When I arrived to the turn off for Lee Flat the next morning, Wild Burros were hanging out in the area. Most burros I have seen in the past either barely take the time to look up and acknowledge your presence, or they just stand there and keep a leery eye on you until you leave. These three guys were jittery and booked it quite a ways before finally turning around and staring me down with much trepidation. Between that, the low light and incorrect camera settings, I didn’t get the best picture. Still though, any wildlife pictures are always a gem in my mind. Aren’t their white noses cute?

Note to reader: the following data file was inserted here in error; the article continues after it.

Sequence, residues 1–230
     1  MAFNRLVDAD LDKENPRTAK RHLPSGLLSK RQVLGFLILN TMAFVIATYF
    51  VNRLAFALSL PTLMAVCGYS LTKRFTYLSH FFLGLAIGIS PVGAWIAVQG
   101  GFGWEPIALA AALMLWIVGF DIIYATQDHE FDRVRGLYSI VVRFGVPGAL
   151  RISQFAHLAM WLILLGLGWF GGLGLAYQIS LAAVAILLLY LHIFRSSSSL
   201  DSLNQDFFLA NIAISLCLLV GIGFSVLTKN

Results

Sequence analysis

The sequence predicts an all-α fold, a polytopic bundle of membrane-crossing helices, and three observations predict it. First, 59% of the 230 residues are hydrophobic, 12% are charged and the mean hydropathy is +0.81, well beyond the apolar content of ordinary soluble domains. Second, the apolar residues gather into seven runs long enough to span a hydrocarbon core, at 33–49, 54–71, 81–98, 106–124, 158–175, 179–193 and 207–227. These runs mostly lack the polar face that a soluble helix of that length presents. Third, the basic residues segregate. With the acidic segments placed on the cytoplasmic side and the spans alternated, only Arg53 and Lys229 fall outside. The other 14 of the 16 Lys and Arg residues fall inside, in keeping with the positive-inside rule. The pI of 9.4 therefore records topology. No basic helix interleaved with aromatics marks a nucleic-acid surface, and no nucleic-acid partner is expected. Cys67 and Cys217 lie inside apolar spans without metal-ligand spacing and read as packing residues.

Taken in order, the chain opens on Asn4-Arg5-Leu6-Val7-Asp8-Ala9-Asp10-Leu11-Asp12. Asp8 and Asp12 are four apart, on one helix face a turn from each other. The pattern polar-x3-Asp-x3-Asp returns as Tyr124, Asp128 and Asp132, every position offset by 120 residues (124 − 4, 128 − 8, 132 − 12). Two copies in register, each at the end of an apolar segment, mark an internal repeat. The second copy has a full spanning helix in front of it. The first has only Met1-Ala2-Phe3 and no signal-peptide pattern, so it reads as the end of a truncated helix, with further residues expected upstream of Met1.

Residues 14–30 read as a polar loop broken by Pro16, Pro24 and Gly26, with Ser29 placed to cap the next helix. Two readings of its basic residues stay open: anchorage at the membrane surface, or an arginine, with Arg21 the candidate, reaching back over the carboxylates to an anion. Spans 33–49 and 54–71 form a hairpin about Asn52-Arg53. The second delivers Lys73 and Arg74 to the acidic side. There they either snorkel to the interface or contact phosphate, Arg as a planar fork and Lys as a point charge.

|Arrival to Lee Flat|
I found a nice camp site in Lee Flat and spent a few minutes watching the desert come alive as the first rays of light made it over the mountains shortly after I arrived. Perfect timing!
My original plan was to do a loop through Death Valley that I have been wanting to do for some time. So, what are the chances the government would shut down right before I go and decide to shut down the desert too? Quite ridiculous, but that’s what happened. Anyhow, I picked a new ride that still went through small parts of Death Valley, but at least I wouldn’t be quite as blatant about it. Plus, if I broke down, maybe I’d have a chance for a rescue!